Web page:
The Press Kit
A Press Kit is a physical printed packet of materials to have on-hand at your action. It includes:
- The Media Advisory and/or Press Release
- Any letters or other materials being delivered to your Target
- Fact Sheets or other handouts that educate reporters on the issue
- Contact information for people from your group who have volunteered to speak with the press and/or share their story as a survivor
- Contact information for your group’s Press Coordinator
Journalists will contact you for interviews if they were unable to attend your events as well as for future stories covering sexual and domestic violence activism and related topics. Here are some tips for handling interview requests:
Respond as soon as possible. Journalists typically work on very quick deadlines, so respond promptly, even if it’s just to say you are not available to talk. It helps to designate a point person within your organization to respond to all press emails—they should set their email to forward to their phone or be prepared to check it multiple times a day to stay on top of press requests.
Do not immediately agree to an interview request. If a reporter calls or emails you and wants to interview you for a story, always ask for more information first. Consider asking them for: more details on the story they are writing, their angle or goals for the piece, any deadlines, and what they’re hoping to talk to you about. You can also ask them if they have covered gender violence before and any links to previous work. If you decide you do want to speak with them, let them know what time would be best to talk (this can be as short as “in 10 minutes” or later in the day depending on their deadline). You can also connect them with another student organizer or ask for them to send their questions via email. Some reporters will be willing to conduct an interview online or via email.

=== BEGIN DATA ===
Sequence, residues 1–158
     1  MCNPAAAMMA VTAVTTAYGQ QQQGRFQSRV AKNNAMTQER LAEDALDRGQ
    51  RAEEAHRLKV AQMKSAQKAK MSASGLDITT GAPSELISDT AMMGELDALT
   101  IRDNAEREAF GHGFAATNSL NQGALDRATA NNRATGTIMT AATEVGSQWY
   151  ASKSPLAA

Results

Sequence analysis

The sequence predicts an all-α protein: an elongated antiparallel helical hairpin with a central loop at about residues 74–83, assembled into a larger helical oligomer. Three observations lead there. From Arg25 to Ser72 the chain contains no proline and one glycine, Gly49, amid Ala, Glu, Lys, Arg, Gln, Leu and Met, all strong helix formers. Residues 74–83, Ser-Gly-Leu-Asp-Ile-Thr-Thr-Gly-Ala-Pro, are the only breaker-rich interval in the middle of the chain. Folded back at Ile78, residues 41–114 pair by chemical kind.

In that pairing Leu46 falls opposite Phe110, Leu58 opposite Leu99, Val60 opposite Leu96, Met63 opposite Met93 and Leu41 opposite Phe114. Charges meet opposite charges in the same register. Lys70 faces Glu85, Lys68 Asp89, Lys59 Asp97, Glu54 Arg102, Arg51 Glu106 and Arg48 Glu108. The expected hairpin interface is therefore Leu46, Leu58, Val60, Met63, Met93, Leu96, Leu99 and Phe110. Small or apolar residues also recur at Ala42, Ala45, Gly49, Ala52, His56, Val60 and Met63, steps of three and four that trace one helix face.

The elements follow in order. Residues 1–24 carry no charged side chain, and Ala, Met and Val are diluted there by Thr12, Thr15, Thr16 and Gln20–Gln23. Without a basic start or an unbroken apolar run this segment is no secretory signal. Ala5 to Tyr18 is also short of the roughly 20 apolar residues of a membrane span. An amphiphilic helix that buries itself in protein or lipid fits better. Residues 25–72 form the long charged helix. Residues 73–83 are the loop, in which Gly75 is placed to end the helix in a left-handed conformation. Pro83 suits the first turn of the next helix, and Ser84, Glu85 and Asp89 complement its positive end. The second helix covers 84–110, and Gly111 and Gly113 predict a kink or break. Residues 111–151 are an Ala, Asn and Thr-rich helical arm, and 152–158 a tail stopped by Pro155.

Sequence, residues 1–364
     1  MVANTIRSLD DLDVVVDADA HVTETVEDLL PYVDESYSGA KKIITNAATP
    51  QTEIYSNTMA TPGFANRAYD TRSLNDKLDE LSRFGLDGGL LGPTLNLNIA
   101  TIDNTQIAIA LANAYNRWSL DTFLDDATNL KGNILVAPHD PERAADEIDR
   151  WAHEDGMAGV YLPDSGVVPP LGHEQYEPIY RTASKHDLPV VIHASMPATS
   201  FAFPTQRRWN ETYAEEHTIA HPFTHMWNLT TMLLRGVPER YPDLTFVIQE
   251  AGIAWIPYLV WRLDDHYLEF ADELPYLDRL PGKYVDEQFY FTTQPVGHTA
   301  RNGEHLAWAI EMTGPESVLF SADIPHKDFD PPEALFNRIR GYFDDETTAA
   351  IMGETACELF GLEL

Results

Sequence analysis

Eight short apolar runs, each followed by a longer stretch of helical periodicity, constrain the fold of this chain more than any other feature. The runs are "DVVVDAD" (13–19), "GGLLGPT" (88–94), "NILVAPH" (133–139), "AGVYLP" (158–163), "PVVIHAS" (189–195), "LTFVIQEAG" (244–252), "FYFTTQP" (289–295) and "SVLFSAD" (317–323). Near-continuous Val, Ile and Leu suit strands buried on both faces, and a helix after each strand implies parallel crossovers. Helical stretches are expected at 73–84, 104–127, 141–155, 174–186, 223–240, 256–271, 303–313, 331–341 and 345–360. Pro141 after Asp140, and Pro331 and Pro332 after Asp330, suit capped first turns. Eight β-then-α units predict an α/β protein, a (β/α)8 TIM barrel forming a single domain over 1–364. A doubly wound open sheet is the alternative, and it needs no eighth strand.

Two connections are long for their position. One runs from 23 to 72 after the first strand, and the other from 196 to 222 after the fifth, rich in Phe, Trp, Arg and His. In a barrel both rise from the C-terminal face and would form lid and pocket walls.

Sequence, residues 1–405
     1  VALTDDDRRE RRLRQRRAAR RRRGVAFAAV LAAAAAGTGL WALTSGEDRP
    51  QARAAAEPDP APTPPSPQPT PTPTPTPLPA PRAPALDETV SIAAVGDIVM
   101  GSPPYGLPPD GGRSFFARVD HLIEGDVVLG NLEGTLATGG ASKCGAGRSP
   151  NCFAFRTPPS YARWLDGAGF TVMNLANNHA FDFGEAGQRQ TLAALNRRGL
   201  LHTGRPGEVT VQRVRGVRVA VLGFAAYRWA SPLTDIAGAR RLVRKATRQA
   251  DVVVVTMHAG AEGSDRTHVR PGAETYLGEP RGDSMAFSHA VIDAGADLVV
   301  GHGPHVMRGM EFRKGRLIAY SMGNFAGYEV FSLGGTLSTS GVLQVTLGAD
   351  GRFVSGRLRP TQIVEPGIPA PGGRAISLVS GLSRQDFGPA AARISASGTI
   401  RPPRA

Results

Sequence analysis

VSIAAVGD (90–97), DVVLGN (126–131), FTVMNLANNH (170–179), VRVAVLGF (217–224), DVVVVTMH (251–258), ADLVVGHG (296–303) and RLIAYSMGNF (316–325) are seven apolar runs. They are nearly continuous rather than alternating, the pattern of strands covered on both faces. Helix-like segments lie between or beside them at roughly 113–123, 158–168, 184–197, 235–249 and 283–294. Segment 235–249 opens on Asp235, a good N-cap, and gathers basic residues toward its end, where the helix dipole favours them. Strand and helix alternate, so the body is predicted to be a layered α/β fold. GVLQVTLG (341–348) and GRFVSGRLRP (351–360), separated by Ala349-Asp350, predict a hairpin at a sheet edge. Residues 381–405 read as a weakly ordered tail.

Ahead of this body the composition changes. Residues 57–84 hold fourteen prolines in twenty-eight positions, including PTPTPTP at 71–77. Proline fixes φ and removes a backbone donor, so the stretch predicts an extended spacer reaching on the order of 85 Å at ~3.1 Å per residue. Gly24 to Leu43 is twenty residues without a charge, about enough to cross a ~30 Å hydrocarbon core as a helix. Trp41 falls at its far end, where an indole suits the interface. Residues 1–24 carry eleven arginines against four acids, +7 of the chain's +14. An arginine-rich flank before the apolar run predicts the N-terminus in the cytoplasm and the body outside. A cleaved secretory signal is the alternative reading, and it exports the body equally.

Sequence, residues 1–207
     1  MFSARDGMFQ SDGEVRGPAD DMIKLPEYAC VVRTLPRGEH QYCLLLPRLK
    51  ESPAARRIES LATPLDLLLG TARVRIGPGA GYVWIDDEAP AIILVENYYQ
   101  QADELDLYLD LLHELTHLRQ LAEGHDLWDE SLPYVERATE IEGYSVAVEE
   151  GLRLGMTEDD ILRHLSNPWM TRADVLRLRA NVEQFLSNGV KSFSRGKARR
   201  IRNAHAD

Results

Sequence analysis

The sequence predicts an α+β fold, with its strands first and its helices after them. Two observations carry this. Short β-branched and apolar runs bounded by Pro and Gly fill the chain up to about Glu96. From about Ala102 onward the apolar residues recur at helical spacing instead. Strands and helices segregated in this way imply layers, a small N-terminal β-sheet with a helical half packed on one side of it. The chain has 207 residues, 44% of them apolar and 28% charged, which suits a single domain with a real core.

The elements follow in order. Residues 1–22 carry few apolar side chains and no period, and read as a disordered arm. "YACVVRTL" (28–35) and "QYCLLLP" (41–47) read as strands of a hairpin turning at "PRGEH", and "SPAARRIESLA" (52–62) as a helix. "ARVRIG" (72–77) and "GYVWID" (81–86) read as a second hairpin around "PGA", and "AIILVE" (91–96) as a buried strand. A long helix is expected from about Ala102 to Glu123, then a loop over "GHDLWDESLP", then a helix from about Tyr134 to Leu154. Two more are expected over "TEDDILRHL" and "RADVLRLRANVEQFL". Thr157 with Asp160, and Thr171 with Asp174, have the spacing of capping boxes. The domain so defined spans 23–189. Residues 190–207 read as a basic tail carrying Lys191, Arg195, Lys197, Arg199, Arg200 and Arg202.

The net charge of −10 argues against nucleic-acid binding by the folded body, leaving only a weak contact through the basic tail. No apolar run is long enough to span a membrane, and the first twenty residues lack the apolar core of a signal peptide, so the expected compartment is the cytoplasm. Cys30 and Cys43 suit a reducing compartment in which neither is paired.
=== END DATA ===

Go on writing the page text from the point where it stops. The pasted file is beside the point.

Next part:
Be mindful of who is speaking with the press the most and work to incorporate more voices. The media typically focuses on white, straight-presenting, cisgender female survivors. While these survivors should certainly be sharing their stories, make sure your group encourages and supports folks from a variety of backgrounds to speak with press. Rather than have the person fielding press requests give all of the interviews, spread out interviews between multiple members of your group so that they all gain experience working with press.